“You still don’t understand what you’re dealing with, do you? The perfect organism. Its structural perfection is matched only by its hostility.”
The sci-fi genre has produced some brilliant movies; but for a long time, it failed to produce one thing: heightened suspense. Sci-fi movies made you think, but they rarely got your heart racing. Alien, directed by Ridley Scott (Blade Runner, Gladiator) and starring Sigourney Weaver and John Hurt, changed the genre. With a tagline like, “In space, no one can hear you scream,” you know you’re in for a wild ride. It’s not just a great sci-fi suspense movie—it’s probably one of the best suspense movies ever made. It doesn’t skimp on the science fiction, but this movie is downright terrifying, and it does it without resorting to cheap jump scares or excessive gore. Though often imitated, this is a movie that stands up very well today and earns its spot on the watch list of any serious cinema fan.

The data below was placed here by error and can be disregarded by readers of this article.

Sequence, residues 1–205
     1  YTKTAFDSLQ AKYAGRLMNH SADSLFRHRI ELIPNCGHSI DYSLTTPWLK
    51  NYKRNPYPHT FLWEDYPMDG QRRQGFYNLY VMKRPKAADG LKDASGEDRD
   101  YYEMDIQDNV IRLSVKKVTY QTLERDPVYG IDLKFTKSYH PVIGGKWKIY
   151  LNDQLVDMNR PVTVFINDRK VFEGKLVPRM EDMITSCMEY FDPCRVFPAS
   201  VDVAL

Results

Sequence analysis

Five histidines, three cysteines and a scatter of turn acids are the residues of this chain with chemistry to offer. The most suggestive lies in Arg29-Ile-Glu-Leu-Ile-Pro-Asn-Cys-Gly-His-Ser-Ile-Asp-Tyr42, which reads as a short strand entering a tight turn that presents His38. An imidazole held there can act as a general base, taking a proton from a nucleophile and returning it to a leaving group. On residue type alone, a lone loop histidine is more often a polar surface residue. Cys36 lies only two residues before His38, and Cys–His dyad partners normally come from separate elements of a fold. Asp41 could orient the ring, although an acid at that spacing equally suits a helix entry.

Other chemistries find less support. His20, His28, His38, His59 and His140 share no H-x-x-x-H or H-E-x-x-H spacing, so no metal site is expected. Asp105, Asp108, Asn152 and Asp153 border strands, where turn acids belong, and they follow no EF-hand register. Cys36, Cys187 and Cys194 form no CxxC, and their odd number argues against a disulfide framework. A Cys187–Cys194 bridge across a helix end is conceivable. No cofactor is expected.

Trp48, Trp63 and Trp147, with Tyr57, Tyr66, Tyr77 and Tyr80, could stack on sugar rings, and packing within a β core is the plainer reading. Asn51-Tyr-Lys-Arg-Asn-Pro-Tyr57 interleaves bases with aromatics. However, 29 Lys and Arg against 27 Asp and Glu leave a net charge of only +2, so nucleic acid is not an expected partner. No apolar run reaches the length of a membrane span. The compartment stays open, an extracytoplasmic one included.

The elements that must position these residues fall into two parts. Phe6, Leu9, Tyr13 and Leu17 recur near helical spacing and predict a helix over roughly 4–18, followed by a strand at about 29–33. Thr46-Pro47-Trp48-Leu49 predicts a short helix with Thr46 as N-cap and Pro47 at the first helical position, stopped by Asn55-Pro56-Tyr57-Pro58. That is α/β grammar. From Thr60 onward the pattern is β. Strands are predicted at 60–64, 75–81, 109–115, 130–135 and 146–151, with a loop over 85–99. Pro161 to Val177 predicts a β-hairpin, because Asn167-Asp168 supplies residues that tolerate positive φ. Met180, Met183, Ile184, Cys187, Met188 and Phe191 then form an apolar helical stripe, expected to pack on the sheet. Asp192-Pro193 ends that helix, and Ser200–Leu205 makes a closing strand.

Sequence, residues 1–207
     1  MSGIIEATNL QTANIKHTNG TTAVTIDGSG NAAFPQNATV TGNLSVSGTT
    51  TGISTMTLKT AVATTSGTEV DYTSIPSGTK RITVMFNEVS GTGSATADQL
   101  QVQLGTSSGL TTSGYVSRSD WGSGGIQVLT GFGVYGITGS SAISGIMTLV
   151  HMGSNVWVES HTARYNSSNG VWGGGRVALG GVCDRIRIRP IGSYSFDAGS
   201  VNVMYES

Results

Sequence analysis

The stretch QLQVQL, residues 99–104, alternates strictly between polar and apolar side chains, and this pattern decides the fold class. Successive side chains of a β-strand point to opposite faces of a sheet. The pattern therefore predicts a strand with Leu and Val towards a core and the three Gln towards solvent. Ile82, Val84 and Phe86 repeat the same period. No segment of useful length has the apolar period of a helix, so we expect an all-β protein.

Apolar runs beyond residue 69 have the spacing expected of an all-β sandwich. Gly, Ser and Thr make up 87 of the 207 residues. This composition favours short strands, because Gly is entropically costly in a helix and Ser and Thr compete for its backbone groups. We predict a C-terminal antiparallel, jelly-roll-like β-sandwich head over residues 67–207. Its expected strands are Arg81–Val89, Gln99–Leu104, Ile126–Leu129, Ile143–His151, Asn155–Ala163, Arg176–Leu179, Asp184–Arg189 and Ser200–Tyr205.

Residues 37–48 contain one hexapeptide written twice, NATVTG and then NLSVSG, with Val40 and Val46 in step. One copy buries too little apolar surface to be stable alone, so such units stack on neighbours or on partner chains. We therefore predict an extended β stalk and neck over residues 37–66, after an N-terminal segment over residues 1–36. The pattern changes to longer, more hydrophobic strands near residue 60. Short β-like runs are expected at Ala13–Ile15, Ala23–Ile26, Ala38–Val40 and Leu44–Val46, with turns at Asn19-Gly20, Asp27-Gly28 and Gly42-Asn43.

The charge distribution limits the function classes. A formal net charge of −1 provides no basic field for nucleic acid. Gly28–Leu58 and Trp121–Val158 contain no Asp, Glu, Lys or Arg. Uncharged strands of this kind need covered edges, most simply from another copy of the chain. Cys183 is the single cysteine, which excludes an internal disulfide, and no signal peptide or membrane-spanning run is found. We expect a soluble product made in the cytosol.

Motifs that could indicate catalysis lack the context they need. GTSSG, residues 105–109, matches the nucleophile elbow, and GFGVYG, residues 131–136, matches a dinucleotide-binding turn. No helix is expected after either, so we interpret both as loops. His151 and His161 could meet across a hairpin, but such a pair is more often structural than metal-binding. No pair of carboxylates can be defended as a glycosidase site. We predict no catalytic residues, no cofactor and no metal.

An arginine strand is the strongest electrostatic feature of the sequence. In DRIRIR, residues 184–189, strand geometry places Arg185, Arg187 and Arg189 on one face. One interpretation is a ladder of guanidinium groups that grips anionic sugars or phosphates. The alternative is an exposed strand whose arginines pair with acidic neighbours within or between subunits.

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“Come with me if you want to live.”
“Best action movie of all time” is a hotly-debated title, but it would be hard to argue that Terminator 2: Judgment Day is not in the top three. Directed by James Cameron (Aliens, Avatar) and starring Arnold Schwarzenegger and Linda Hamilton, this follow-up to the competent 1984 original was an ambitious endeavor. When it was made, it was the most expensive film in history, with a budget over ten times its predecessor. And it paid off in a big way. It made back double its enormous production budget and held the world record for highest opening-weekend gross of an R-rated film until 2003. This was the first sequel to receive and Academy Award when the previous installment had not even gotten a nomination, and it’s one of the most iconic and memorable action movies ever made.
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“John, if The Pirates of the Caribbean breaks down, the pirates don’t eat the tourists.”
It’s hard to think of a 90s movie more iconic than Jurassic Park. Directed by the legendary Steven Spielberg (E.T., Jaws) and starring Sam Neill, Laura Dern, and Jeff Goldblum, this is a movie that captivated everyone who saw it in theaters. Like all great sci-fi movies, it sparked our imagination for what science could do while also reminding us of the importance of ethics. It has all of the classic sci-fi qualifications along with a thrilling plot, great special effects, and a better original score than most sci-fi films. And it’s just as impressive today as it was when it came out 24 years ago.